Tag Archives: Folk

KILLER WHALE: ‘Everyone You Know Someday.’

When I was a teenager I lied about my age and got a gig supporting Frightened Rabbit (then largely unknown) in a dingy basement bar in Glasgow. Scott Hutchison’s genius that night changed my life. His music was a revelation – you can be from Glasgow and be in a band that doesn’t sound like Oasis! Unfortunately, he quipped that my own ramshackle group reminded him of High School talent shows. Inspired nevertheless, I took my free copy of their home-recorded album, ‘Sing the Greys,’ and I listened to it on repeat all night.

So says Dougie, aka KILLER WHALE, and formerly St. Cool, the masked, shamanic frontman of cult Glasgow’s mentalist, metal-funk band, The Mikey 9s.

From being inspired by a formative Frightened Rabbit to prancing around the stages of the UK gig circuit with Mickey 9s, is quite a transformation.

But as Harry Chapin sang back in ’72, ‘All my life’s a circle …’ and perhaps there is no more appropriate song to describe musical journey (God, I hate that term!) with the release of his debut album as KILLER WHALE.

The eleven tracks on ‘Everyone You Know Someday,’ are thoughtful, and introspective. As Dougie explains, they were written in the comedown of the six-month Scottish darkness that is euphemistically termed ‘winter.’ Yet, creativity often sprouts from bleakness;
” … out of the darkness, light; in the light, shadows; like the patterns on a killer whale.” 

Most of the tracks are mid-tempo, melodic and I have to say exhibit a style that I can only term as typically ‘Glasgow’ – an eclectic mix of folk and ‘indie.’ Others more familiar with this brand of music have suggested:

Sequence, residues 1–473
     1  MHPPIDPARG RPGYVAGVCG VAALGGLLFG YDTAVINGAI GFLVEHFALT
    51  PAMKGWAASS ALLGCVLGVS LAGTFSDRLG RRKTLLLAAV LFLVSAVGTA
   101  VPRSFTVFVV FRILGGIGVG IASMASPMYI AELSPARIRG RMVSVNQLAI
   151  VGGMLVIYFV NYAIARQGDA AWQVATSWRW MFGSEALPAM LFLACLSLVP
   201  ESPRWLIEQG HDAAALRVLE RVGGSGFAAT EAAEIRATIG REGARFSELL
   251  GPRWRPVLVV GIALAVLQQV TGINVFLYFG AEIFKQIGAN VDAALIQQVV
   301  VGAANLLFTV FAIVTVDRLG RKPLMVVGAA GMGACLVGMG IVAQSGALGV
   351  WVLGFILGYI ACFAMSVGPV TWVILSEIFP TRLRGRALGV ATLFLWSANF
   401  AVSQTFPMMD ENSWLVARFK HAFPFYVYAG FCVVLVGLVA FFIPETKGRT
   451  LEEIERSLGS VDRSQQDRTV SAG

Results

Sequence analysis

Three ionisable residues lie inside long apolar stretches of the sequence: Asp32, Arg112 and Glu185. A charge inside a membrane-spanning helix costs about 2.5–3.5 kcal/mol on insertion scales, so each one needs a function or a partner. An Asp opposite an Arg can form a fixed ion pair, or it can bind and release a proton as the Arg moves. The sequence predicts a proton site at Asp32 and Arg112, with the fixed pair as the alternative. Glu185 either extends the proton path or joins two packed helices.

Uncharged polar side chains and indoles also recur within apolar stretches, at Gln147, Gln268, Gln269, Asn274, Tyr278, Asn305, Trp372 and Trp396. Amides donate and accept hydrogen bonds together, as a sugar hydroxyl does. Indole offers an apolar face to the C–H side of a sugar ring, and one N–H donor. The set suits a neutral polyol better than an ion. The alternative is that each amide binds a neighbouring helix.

‘The poetry of Leonard Cohen and Neil Young mixed with the lush musicality of Wilco and Death Cab for Cutie; the sentimental melodies of The Blue Nile and Hot Chip with the experimentality of Brian Eno and The Velvet Underground; the fragile vocals of Arthur Russell and Bon Iver with the sincerity of Joni Mitchell and Frightened Rabbit.’

For me, the outstanding track is the second one in, ‘Something Like That,’ which initially evokes an image of a bleak Scottish landscape before gently bouncing along on a catchy bass line.

If any of that’s your bag, then you’ll be right into this album.


SERA: ‘Rabbit Hole.’

SERA is a singer-songwriter from Caernarfon in North Wales. She writes and performs in both Welsh and English and has been garnering great feedback and support from the likes of BBC Radio Wales/ Radio Cymru, S4C and Focus Wales.

However, it’s not just Welsh radio and the local Festival scene that have picked up on SERA‘s music. National airplay has followed from Radio 6 Music and Radio 2 (Chris Hawkins and Claire Balding) both of whom appreciate a good ‘crossover’ artist when they hear one.

‘Rabbit Hole’ is a journey through an addictive relationship, leading through naivety and self destruction to escape. It stays true to SERA‘s Americana / folk style but takes on some bold new ideas.The chorus explodes into ‘Come with me to incredible things, where the oysters march from the sea,’ inviting the listener into a world of the fantastic.

SERA‘s new songs will continue to follow in this theme of the mythic-surreal rooted in very real experiences.

Bands like First Aid Kit, are bringing this type of music to a wider audience, and I have to say, that with my admittedly restricted knowledge, I can hear similar type harmonies within this track. I like, too how it builds into a bit of a rocky frenzy towards the end.

As regular readers of LOUD HORIZON will know, I’m certainly no expert when it comes to Americana / Folk. In fact, I often joke (?!) that I don’t ‘do’ Folk music.

But it’s artists like SERA who are slowly but surely convincing me to get over myself!